Hartland Ross: Correct.
Yeah. So their M&A division is the hostbroker.com. You can go there and register for our weekly mailing. It’s free to sign up, it goes out on Wednesdays, and you’ll get notified of new opportunities. If you also fill out what we call our wishlist: You tell us what you’re looking for, we’ll note it.
And if and when we have a match, we will also reach out to you proactively. Oh. That’s a backstop in case you, you missed an opportunity that’s published on our list.
Jeff Loehr: And that’s for businesses, right? You’re not a dating service.
Hartland Ross: We’re not dating, although part of the role that we hold is no question about it, a counselor, because it’s an emotional process. Selling your business, your baby, it is going on, and you know what is next for you. And oh my gosh, I’m gonna be stuck at home and drive each other nuts. Those are conversations to be had.
Jeff Loehr: It is, especially when discussing a million, $2 million business. You end up in marriage counseling, I’m sure. Now, listen, he’s going be home.
Joe Rojas: Take a deep breath.
Hartland Ross: You need to get another hobby.
Jeff Loehr: So be sure he gets a hobby, or he will drive you nuts. Yeah.
Hartland Ross: Oh, I’ve had that. I don’t usually speak with the spouse, but I hear it through the business owner that if I don’t do something, my wife will kill me. And it becomes an objection to them agreeing to getting a deal done cause if they don’t have a backup.
They sometimes won’t sell.
Joe Rojas: Now you have to tell a war story cause now you went down this road. Cause you said, I don’t usually talk to the spouse, but that means you have talked to the spouse.
And I wanna hear that story cause that’s a good story.
Husband and Wife MSP Team
Hartland Ross: Sometimes it’s a husband and wife team, actually. And good just selling the business together. But she’ll wanna make sure that the person’s got something lined up. So as part of the transition, the buyer may provide, if not longer term, at least short-term employment position for the seller to continue to be around and provide that support. If not, they might go and get another job, and in some cases, they might have started another business already or are about to start another business, and they need to free themselves up.
Joe Rojas: I know. But what we want is the war story. The one that’s making you smirk that one. It’s not that war story. You gotta tell me that war story cause that’s gonna be good.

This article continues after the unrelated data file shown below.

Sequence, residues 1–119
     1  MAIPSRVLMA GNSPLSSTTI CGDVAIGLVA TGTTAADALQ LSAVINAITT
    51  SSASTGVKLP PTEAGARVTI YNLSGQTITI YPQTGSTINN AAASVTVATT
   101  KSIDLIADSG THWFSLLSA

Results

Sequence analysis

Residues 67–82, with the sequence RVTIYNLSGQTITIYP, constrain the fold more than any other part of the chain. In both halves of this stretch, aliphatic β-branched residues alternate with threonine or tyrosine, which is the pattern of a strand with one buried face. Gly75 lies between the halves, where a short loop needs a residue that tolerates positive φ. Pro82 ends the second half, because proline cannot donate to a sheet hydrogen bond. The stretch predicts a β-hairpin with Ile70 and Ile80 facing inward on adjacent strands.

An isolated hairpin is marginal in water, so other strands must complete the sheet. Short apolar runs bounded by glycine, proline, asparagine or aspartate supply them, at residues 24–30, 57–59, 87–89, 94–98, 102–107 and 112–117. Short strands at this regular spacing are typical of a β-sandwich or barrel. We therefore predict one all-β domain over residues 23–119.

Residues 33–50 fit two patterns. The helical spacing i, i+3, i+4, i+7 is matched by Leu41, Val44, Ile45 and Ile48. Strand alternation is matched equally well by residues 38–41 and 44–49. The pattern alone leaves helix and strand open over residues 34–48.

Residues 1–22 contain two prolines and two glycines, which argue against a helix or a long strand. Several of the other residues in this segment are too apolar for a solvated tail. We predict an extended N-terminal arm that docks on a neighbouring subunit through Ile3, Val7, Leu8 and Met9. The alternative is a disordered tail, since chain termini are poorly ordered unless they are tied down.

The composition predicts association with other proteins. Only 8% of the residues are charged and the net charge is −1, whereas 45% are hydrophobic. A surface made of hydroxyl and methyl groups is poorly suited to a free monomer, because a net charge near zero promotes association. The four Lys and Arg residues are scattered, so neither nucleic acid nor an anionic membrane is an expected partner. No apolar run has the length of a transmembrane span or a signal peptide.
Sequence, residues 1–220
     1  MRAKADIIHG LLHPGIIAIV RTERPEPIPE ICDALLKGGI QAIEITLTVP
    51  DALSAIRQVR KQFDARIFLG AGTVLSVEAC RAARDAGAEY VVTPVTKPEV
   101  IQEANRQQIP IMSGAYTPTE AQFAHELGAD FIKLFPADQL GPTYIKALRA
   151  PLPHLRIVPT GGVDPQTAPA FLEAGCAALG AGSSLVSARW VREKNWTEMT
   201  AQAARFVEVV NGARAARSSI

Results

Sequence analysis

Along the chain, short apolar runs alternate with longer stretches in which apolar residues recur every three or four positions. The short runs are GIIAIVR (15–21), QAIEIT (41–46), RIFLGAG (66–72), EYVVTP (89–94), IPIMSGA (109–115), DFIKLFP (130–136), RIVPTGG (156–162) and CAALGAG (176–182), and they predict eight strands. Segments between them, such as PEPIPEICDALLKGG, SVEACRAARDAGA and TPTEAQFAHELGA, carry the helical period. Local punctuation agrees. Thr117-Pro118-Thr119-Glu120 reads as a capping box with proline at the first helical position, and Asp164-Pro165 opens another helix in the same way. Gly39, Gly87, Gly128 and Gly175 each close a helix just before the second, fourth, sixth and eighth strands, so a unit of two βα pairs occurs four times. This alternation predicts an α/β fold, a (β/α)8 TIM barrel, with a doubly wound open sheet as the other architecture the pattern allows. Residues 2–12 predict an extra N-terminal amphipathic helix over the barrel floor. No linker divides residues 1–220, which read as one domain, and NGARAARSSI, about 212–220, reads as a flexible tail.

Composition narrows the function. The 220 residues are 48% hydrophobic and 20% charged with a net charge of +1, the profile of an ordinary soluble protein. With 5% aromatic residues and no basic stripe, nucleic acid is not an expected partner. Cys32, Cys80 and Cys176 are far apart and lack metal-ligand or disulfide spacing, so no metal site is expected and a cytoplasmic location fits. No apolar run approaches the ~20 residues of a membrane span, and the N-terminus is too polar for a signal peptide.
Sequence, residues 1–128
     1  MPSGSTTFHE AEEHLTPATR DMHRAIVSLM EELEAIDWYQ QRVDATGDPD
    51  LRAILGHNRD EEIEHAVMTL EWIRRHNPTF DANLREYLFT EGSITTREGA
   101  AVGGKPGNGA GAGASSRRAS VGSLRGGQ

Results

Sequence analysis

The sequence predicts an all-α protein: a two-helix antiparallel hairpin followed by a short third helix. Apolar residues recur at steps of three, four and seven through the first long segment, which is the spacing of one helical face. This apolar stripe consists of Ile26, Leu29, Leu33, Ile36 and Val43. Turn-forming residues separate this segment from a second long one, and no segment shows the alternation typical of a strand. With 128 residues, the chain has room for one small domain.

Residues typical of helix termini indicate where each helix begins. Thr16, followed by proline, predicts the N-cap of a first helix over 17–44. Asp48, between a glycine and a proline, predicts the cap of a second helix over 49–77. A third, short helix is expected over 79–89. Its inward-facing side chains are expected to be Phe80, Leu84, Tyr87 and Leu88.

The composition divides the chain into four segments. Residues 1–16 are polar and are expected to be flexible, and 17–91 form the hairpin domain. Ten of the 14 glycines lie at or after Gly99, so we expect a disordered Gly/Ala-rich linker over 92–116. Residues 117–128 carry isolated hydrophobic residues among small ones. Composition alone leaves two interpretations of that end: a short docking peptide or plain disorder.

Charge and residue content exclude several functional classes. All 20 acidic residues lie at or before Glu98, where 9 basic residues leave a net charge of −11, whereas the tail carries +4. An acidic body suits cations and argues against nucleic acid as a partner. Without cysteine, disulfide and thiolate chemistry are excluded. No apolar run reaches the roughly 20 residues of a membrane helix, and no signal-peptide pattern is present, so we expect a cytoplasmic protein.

Hartland Ross: I’m trying to figure out if there’s one that would really stand out here. We’ve got one person he offered to work at Home Depot as an interim solution. But-
Joe Rojas: she wanted him outta the house so bad?.
Jeff Loehr: So my wife would say you are not working at Home Depot. Because she would be sure that I would spend more money than I earned working at Home Depot.
Hartland Ross: That’s true.
Jeff Loehr: No. How many tools do you really need, Jeff? And I’d be like, no, but this drill, right?
Hartland Ross: I don’t have one like this.
Jeff Loehr: I don’t have the yellow one. I only have the red one.
Last piece of advice for MSPs
So the last piece of advice is, if you are going to sell, get a hobby and discuss this with your spouse.
Hartland Ross: So that would be, yeah. And I think one other thing that we haven’t talked about here, I’ll add, is understanding. Even if you’re not retiring, but particularly if you’re retiring, understanding what your business is worth vis-a-vis what you need to retire.
That’s a big friction point. If someone says I wanna sell, and then they find out that After it’s all said and done, like you mentioned Joe earlier, IRS takes their piece, and then there are legal costs and other things. And what you’re left with, is that sufficient for you?
And that calculation. That’s a discussion to have with your CPA. But what do you need? And you’re really working backward.
Jeff Loehr: Yeah. cause that 14,000 didn’t last you too long.
Joe Rojas: No, it did about three weeks. Yeah. It lasted three weeks, though. It wasn’t the nineties.
No, it’s still in New York, but it lasts me about three weeks.
Jeff Loehr: Hartland, it has been a pleasure. Thank you for your time. Thanks for hanging out.
I look forward to future conversations, and I hope we have a few people who venture over and check out what you are selling and what you’re doing over there.
Cause it sounds like an interesting thing both from, like I said, a growth perspective as, as well as an escape perspective. So thank you for your comments and your interesting way of being.
Hartland Ross: I appreciate it. Thanks, guys. And yeah, if anybody wants a conversation, feel free to reach out.
Happy to chat even if you feel like you’re just getting going on the journey and you wanna bounce some ideas happy to do
Jeff Loehr: then on that, Joe,
Joe Rojas: Remember that You Are Loved.
Jeff Loehr: See you next time.